Instead, I’m going to taper my social media use over the course of about 10 weeks. This will involve slowly adjusting down and gradually developing a higher tolerance for long periods without it. I’m hoping that this will be a lot less demanding than the ’30-day Social Media Detoxes’ that are often celebrated as the best way to break the habit.
First, I need to understand how I use social media.
What specific ‘benefits’ do I think I’m getting and how do these benefits relate to the amount of time/focus I spend on these apps. For example, one of the big motivators for me is to avoid feeling bored and to see things I like. My Instagram explore page is almost entirely reels of puppies doing various cute things. This is a huge benefit and something I need to take into account when I’m planning tasks to replace the feeling I get when I use the app.
There’s also the question of how I physically use the apps. Do I scroll mindlessly down the feeds because each post offers me a little pop of interest? Do I get distracted easily while I’m using them, or can they occupy my attention until something (usually my dog) demands that I return to the present? Do I look at the screen constantly while I’m on them, or can I look away and still be entertained?
I found that my social media usage tends to fall into three categories. Once I realised that, I took all of my accounts and divided them into three tiers:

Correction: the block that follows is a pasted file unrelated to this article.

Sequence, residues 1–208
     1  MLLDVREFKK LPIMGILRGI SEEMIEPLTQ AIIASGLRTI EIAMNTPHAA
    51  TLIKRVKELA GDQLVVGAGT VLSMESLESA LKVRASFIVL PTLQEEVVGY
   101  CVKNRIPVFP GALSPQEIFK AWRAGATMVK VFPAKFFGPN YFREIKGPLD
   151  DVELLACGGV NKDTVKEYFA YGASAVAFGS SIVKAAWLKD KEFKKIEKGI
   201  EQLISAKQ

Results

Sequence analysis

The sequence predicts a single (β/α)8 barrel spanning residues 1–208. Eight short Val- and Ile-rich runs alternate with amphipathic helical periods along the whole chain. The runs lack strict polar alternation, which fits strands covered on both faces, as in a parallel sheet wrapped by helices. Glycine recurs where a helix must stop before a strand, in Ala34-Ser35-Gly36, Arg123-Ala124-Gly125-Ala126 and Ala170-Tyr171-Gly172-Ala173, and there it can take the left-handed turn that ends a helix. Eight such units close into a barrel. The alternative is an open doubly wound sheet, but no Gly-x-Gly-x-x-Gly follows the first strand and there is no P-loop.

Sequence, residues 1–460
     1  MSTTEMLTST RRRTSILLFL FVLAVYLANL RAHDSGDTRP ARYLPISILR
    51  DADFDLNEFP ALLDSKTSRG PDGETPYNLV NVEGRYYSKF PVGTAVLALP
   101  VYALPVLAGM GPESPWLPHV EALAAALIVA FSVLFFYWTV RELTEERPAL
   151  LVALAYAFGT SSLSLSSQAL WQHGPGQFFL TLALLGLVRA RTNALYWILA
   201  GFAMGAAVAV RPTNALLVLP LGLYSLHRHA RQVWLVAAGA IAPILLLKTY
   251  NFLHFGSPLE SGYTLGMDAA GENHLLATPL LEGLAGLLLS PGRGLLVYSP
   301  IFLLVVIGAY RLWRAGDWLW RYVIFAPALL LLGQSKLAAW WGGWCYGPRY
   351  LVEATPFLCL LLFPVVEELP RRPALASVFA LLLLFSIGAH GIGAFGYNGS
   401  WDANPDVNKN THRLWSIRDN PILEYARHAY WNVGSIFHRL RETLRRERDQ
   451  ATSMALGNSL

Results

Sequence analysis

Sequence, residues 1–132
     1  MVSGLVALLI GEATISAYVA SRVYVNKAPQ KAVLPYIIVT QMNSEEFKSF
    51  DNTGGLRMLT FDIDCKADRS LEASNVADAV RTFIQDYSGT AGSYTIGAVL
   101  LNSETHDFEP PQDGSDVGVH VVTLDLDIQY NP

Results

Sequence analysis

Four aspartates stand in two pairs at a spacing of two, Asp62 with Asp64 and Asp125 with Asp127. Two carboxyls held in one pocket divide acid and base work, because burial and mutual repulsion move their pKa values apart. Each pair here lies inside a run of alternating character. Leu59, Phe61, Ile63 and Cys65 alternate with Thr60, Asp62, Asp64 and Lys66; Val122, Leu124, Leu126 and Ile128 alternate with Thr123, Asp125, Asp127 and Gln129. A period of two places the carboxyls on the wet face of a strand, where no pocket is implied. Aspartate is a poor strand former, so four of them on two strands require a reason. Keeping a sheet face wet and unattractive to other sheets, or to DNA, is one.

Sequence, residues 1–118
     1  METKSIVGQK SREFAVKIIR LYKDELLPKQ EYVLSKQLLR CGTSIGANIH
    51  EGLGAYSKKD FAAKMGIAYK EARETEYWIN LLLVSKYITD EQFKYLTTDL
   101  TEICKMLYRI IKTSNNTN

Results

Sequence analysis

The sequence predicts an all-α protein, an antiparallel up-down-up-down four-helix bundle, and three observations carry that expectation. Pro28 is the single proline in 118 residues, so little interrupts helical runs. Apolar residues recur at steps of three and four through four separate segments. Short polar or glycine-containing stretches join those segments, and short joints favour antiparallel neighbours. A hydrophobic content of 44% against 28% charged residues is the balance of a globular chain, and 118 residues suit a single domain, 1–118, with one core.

Tier One: Near-constant scrolling through posts, enjoying the content, seeing things that interest me and liking them, occasionally sharing my own content (knowing that other people will find it interesting too or at least pretend to)
Tier Two: Checking in on friends and family (or colleagues), making sure that no one is posting a cry for help or anything that I need to follow up on – either through DM or text
Tier Three: Background/ambient noise while I do other tasks, occasional focused attention on subscribed accounts
I decided to use different strategies for tapering off my time on the apps depending on what tier they were in because I know that my mind will respond differently to losing them. Tier One is the most used and preferred apps, so these are going to be tapered more gradually, while Tier Three can be adjusted only when it comes to the subscribed accounts (I think ambient noise is helpful to keep my mind from hyper-focusing on other noises like traffic and the neighbours, so I want to keep that).
How to do it
To begin: Put the phone in a different room at night, before I go to bed.
Week 1: Everyday = Check Tier One at lunchtime and dinner. Check Tier Two before lunch. Use Tier Three only to listen to ambient sounds until dinner time (then I can watch subscribed accounts).
Week 2: ^^ same, plus Screenfree Sunday (podcasts and audiobooks ONLY).